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PCI RI Auto Body Report

PCI RI Auto Body Report

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The Property Casualty Insurers Association of America contends that auto body shops have used legislation to drive up the cost of collision repairs in Rhode Island compared to the rest of the United States.
The Property Casualty Insurers Association of America contends that auto body shops have used legislation to drive up the cost of collision repairs in Rhode Island compared to the rest of the United States.

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Published by: PolitiFactRI on Jul 17, 2012
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PCI SPECIAL REPORT

May 8, 2012

Rhode Island Auto Body Repair: Back for More
Since 2003, sixteen (16) pieces of legislation favorable to and promoted by the Auto Body Association of Rhode Island (ABARI) have become law in Rhode Island. All of them have been geared at either increasing the amount paid for auto body repairs, or limiting the role of auto insurers in the claims process, reducing the insurers’ ability to provide “checks and balances” on behalf of their customers. In 2012, ABARI is again back for more with Senate Bill 2686. This bill consolidates legislation passed in previous years, but adds new concepts like a private right of action for body shops, that could mean higher costs for consumers that already burdened with some of the highest costs for auto body repair and auto insurance in the nation. This special report will provide background on the issue and look in more detail at the provisions in the new bill.

Rhode Island’s High Cost of Auto Repair and Auto Insurance
Rhode Island continues to be one of the most expensive states in the nation for auto body repairs. Average collision claim costs (severity) continue to increase; the average claim cost accelerated 12.1% from 2006 to 2010; overall through 2011(3), the cost has grown 8.6%. In contrast, the countrywide average has been very flat, decreasing 0.3% overall1.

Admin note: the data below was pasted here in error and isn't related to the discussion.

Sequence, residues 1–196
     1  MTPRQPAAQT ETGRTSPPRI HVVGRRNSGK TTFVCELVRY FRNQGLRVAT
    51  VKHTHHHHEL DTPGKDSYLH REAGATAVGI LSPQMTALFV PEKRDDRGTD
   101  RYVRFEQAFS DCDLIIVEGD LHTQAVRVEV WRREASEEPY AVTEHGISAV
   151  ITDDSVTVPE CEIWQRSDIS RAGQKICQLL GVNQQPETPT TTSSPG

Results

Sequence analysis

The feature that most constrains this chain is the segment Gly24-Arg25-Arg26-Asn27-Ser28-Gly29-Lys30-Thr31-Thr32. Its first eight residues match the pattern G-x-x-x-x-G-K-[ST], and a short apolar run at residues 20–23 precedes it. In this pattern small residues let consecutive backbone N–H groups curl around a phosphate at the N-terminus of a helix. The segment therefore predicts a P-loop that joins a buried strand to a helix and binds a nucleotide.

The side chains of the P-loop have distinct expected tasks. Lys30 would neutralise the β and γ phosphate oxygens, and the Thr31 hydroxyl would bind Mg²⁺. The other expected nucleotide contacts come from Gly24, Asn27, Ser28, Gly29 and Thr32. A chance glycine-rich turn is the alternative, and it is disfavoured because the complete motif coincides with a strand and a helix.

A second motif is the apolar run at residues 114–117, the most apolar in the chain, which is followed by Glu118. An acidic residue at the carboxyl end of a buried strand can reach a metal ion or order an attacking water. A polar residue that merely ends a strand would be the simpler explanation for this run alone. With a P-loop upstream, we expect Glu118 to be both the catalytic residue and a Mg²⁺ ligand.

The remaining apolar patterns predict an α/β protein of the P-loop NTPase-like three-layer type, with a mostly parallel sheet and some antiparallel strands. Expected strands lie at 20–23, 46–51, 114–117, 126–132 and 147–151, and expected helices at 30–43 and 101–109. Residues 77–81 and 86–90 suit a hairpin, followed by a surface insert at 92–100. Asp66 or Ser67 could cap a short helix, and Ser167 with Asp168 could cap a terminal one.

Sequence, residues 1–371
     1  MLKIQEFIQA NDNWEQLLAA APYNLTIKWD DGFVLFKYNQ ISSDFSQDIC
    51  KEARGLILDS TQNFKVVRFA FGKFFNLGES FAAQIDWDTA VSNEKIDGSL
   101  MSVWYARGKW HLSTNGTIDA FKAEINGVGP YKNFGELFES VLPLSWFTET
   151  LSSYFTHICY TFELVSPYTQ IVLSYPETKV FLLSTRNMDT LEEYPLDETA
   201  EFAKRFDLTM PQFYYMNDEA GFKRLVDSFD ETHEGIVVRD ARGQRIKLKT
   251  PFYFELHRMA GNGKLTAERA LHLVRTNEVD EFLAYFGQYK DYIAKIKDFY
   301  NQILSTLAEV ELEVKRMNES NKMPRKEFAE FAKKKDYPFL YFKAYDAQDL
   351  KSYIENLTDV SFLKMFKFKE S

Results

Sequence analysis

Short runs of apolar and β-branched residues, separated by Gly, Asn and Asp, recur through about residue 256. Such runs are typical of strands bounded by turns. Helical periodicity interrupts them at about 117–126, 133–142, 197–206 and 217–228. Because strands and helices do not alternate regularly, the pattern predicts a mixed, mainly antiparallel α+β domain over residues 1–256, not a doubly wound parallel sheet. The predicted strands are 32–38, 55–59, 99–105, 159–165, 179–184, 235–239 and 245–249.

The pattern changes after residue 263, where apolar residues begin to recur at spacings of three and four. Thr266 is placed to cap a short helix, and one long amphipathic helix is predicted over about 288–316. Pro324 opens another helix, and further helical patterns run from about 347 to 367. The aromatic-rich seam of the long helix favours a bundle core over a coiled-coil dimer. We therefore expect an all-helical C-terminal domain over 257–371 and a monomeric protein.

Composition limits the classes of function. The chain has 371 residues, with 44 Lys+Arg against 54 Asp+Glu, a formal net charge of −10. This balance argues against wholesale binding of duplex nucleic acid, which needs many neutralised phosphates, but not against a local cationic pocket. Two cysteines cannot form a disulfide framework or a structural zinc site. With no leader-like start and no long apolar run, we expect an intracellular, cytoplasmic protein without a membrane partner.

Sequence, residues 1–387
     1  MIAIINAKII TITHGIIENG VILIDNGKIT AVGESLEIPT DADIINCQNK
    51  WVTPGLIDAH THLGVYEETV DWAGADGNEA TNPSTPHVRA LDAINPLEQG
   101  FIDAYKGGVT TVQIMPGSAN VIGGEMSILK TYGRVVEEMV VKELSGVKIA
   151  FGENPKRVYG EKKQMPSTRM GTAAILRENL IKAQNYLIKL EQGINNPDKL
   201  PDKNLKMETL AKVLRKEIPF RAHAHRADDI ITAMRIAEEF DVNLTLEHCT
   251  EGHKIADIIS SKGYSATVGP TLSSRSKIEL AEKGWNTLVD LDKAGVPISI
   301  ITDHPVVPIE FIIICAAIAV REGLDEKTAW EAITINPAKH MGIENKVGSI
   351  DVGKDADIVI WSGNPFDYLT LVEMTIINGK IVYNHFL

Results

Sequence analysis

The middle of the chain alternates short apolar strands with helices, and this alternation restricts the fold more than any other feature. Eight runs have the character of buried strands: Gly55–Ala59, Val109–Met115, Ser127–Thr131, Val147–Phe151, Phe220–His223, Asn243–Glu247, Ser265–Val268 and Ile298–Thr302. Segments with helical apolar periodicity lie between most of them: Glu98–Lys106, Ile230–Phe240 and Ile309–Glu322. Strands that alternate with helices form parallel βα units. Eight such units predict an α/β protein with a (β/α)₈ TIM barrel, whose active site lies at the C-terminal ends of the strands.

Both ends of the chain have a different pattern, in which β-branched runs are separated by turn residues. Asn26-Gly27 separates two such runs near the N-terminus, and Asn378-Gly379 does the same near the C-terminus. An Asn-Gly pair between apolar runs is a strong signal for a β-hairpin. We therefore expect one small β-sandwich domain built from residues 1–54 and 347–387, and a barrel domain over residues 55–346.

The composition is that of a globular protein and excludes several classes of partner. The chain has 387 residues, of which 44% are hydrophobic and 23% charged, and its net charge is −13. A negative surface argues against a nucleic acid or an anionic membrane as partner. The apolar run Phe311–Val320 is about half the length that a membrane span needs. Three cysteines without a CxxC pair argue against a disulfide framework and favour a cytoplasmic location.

Rhode Island Collision Claim Severity Continues to Grow

% Growth  Since 2006 14 12 10 8 6 4 2 0 ‐2 ‐4 2006

2007

2008 Rhode Island

2009 Countrywide

2010

2011(3)

Note: Claim severity is the average claim cost Source: Fast Track Monitoring System @ 3rd Qtr. 2011

1

Fast Track Monitoring System @3rd Qtr. 2011, a publicly available report of auto loss trends prepared by Independent Statistical Service, Insurance Services Office, Inc. and National Independent Statistical Service.

© 2012, Property Casualty Insurers Association of America

Given Rhode Island’s rapidly rising costs, it is no surprise that drivers in this state pay the 6th highest collision insurance premium in the nation.2
Rhode Island’s Average Annual Collision Premium is 6th Highest in the Nation

$ 400 300 200 100 0

$356 $294

Rhode Island

Countrywide

Source: National Association of Insurance Commissioners

Back for More: A New Year, a New Bill That Will Harm Consumers
In 2012, in the midst of a struggling economy, not satisfied with having the most restrictive laws or some of the fastest increasing costs in the country, ABARI brings forward a bill designed to insulate auto body shops from competition with each other, potentially risk the safety of their own customers by encouraging more repairs on severely damaged cars, and further limit the insurer’s ability to manage costs and quality of repairs with more restrictive requirements. And as the icing on the cake, the bill provides for the ability to file lawsuits against insurers for alleged violations and is designed to discourage any attempts by insurers to do right by their customers under the threat of protracted and expensive litigation.

S. 2686 Motor Vehicle Property Damage Claims Settlement Act S. 2686 moves existing laws on rental vehicles, steering, procedure pages and appraisals that have played a significant role in making Rhode Island one of the most expensive states in the nation to repair or insure a car are moved into the new chapter. Moreover, they are compounded with several new concepts aimed at preventing auto insurers from making any attempt to do right by their customers under threat of protracted and expensive litigation. By looking at the historical results, we have seen what the existing laws have done to repair and insurance costs, let’s look at the new provisions. Total Loss Vehicles: Section 4-6 The language in this section is identical to legislation filed (and later withdrawn pursuant to an agreement between the parties) in 2011 and seeks to limit when an insurer can declare a vehicle a total loss by amending the law governing the conduct of appraisers to state that no appraiser may deem a vehicle a total loss unless the cost to restore the motor vehicle to pre2